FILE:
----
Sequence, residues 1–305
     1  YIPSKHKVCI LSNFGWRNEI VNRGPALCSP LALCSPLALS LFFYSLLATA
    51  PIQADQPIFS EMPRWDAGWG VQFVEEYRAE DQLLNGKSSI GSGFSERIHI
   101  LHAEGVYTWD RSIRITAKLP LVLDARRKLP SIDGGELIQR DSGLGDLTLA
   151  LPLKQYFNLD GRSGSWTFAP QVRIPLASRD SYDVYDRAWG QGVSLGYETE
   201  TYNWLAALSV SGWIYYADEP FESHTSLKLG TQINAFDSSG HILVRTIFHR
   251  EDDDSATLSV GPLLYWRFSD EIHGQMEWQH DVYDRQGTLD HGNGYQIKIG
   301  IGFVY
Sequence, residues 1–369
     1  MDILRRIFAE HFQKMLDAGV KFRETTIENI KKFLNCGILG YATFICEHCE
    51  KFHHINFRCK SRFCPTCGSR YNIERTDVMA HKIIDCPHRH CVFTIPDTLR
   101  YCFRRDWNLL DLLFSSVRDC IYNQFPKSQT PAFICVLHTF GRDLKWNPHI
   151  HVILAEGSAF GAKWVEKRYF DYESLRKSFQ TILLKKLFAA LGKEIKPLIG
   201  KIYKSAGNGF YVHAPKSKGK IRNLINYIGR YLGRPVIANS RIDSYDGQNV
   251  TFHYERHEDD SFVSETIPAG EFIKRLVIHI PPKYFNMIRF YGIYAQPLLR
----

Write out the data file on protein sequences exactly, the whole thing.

Sequence, residues 1–305
     1  YIPSKHKVCI LSNFGWRNEI VNRGPALCSP LALCSPLALS LFFYSLLATA
    51  PIQADQPIFS EMPRWDAGWG VQFVEEYRAE DQLLNGKSSI GSGFSERIHI
   101  LHAEGVYTWD RSIRITAKLP LVLDARRKLP SIDGGELIQR DSGLGDLTLA
   151  LPLKQYFNLD GRSGSWTFAP QVRIPLASRD SYDVYDRAWG QGVSLGYETE
   201  TYNWLAALSV SGWIYYADEP FESHTSLKLG TQINAFDSSG HILVRTIFHR
   251  EDDDSATLSV GPLLYWRFSD EIHGQMEWQH DVYDRQGTLD HGNGYQIKIG
   301  IGFVY
Sequence, residues 1–369
     1  MDILRRIFAE HFQKMLDAGV KFRETTIENI KKFLNCGILG YATFICEHCE
    51  KFHHINFRCK SRFCPTCGSR YNIERTDVMA HKIIDCPHRH CVFTIPDTLR
   101  YCFRRDWNLL DLLFSSVRDC IYNQFPKSQT PAFICVLHTF GRDLKWNPHI
   151  HVILAEGSAF GAKWVEKRYF DYESLRKSFQ TILLKKLFAA LGKEIKPLIG
   201  KIYKSAGNGF YVHAPKSKGK IRNLINYIGR YLGRPVIANS RIDSYDGQNV
   251  TFHYERHEDD SFVSETIPAG EFIKRLVIHI PPKYFNMIRF YGIYAQPLLR